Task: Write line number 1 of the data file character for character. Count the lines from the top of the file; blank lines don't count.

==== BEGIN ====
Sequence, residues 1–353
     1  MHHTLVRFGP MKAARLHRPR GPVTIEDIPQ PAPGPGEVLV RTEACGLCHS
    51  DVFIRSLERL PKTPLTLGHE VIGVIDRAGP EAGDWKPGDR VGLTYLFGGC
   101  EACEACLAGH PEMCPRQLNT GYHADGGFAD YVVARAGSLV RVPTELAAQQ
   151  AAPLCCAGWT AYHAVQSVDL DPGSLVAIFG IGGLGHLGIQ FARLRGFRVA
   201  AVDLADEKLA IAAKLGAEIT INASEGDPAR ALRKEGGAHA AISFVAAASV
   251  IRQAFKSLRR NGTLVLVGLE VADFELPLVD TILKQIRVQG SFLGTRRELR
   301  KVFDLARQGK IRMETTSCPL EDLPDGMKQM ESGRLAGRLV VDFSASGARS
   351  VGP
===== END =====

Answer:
Sequence, residues 1–353